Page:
Register   Login
  Browse    Private Lessons    
Lyle Ronglien >> Blues Guitar for Beginners >>

Blues Guitar For Beginners

Lesson 2

Lesson Sample

Lyle: Last lesson was a warm-up on playing the basic chords and rhythm for a "12 bar blues in A".

Lyle: Now you'll learn some simple blues riffs and then make them into a solo.

Lyle: Here's the chord progression and jam track:

12 bar chord progression

Jam Track - Blues in A

Lyle: The A Minor pentatonic scale is a real great choice of scales to use when improvising against a blues progression in A:

Am pentatonic

Lyle: This scale is used the most for playing blues riffs. Learn to play it ascending and descending.

Lyle: The next several blues riffs all have a few things in common. They all have a note that has a slight bend to it, and they all have a strong vibrato on a certain note. Here's your first riff:

blues riff 1

radica: I'm finally at least getting some of that nice vibrato of yours. Thanks again for that helpful video from last session

Lyle: Such a simple blues riff, yet very effective because of the slight bend and then vibrato. Watch the video clip of these techniques:

blues riff 1

Lyle: Any questions?

ZZ: I notice you bent it down, does it give a different sound then a up bend?

Lyle: No, same sound, but it's easier to pull /bend the string down. Gravity is a good tool when you're able to use it.

Lyle: You can try playing this riff over and over against the looping jam track so you can hear how well it works.

tommy: Do we play just the Am pent scale, do we switch during the changes of the jam track?

Lyle: Good question tommy. You can play the A Minor pentatonic scale over the whole jam track, no matter what chord is being played.

Jim: But you COULD change right?

Lyle: Yes, you could change to many different scales. I can think of about 20 different ones you could play against the jam track. But that's not where we are going in this lesson. This is level 1 for beginners, so they can learn to jam and play the blues!

Lyle: The next riff is just a variation of the first riff:

blues riff 2

blues riff 2

Lyle: The next riff is yet another variation. This riff will resolve on the root note, A.

blues riff 3

blues riff 3

Lyle: Notice all three riffs have the same slight bend and vibrato.

Lyle: Here's the next variation.

blues riff 4

blues riff 4

Jim: When you are playing the scale, how do you know which notes you can and can not bend? Only bend to other notes in the scale?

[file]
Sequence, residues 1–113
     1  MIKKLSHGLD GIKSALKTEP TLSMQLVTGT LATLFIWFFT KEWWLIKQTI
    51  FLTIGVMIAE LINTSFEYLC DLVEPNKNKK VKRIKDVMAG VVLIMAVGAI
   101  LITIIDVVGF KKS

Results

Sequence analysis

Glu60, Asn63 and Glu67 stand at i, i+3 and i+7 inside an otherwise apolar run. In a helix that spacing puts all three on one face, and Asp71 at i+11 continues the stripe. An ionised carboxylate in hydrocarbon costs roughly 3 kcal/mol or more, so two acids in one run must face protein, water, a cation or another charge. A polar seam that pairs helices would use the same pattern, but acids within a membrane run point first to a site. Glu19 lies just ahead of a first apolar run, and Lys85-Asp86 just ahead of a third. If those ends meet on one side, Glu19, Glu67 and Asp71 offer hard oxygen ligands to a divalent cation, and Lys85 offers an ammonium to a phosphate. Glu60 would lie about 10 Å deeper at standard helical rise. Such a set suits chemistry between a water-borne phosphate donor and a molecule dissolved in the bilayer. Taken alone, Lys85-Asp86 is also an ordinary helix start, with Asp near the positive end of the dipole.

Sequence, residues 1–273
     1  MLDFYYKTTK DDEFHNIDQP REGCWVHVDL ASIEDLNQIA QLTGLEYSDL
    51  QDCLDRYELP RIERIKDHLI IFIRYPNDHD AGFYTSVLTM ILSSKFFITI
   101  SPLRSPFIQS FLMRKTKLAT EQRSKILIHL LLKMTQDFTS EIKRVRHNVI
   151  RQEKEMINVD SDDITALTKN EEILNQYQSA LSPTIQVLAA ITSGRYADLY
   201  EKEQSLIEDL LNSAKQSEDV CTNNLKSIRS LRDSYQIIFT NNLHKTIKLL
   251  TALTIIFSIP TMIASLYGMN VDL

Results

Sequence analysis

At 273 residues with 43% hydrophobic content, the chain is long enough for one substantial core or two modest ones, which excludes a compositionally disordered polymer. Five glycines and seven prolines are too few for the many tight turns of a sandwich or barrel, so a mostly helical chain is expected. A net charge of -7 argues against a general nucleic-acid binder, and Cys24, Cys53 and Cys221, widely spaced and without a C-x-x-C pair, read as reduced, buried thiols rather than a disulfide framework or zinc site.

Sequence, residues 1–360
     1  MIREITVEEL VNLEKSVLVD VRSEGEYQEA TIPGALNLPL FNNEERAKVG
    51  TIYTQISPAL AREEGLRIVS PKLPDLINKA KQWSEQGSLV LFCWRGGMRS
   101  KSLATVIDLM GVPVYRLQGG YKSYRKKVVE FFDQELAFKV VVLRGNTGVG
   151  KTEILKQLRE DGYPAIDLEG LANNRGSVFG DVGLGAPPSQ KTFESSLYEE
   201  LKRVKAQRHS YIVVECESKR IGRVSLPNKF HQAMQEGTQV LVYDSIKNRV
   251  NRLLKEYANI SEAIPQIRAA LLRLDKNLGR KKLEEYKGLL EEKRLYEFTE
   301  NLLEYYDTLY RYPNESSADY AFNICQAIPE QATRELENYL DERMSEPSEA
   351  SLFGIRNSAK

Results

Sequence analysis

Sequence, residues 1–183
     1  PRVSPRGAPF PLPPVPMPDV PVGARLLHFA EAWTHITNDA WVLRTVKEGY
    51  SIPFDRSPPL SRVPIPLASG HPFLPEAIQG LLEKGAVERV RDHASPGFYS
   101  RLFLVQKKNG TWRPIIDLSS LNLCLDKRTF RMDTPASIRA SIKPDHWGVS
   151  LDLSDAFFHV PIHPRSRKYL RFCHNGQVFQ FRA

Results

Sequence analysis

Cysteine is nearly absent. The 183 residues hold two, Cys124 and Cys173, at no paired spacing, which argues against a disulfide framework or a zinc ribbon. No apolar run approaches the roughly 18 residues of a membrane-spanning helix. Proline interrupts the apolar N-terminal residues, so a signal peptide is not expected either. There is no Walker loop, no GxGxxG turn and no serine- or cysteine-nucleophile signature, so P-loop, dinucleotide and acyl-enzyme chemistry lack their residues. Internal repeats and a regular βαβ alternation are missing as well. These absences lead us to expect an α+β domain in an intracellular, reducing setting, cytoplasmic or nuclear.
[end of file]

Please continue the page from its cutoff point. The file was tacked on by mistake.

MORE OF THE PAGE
Lyle: That is a good rule.

Lyle: But in these riff you are bending the 5th fret, 3rd string only a 1/4 step, not even a full note worth. Something unique to the blues sound.

Lyle: Here's the next riff:

blues riff 5

michael: Practice bending them all.. the notes themselves will tell you "bend me"... sounds funny but true

blues riff 5

Lyle: I'll dig deeper into bending notes later. Remember this lesson is for beginners and sometimes bending strings is hard to do for the new guitarists. These slight bends is just enough to get you a cool blues sound.

Lyle: Here's the last riff:

blues riff 6

blues riff 6

Lyle: Now you should review all 6 riffs:

6 riff review

6 riff review

Lyle: You're about to learn a complete solo made from just these 6 simple blues riffs.

Paul: Is there a CD that has the scales to work on, such as this Am pentatonic?

Support: Paul, pretty much all of our CDs will contain scales to work on, just in the context of the topic (jazz, blues, SRV, BB King, etc)

Lyle: Ok, here's your solo made from these riffs, played against the Jam Track in A.



michael: You bend the C since that is the note that gets dropped a half tone in making the A major to minor pent scale. By bending it 1/4 your staying in the middle of what sounds natural / good to the ear. Is that close?

Lyle: michael, by bending the note up slightly it seems to tease the ear into thinking the note is going to resolve to the major third, which will fit the dominant A7 chord better. It's mostly just to tease the ear.

Lyle: I'm trying to teach just the little basics and a few cool riffs. I don't want to overload the typical beginner. Sometimes it's better to learn to play something, then learn the how and why later. Get hooked on the guitar then learn what and why you're playing what you're playing. If that makes sense.

radica: good advice.

Razor: Make good sense - great

Lyle: In the next lesson you'll learn another blues jam in a new key.

Lyle: Well that's all for this lesson. Thanks for being here tonight, you've been a good group. See you at the next jam!

<< load notation from left
<< load audio from left
<< load audio from left

There are no ratings yet
Support    About Us    Join the Mailing List    Teachers Wanted
Copyright (c) 2024 Riff Interactive   Terms Of Use  Privacy Statement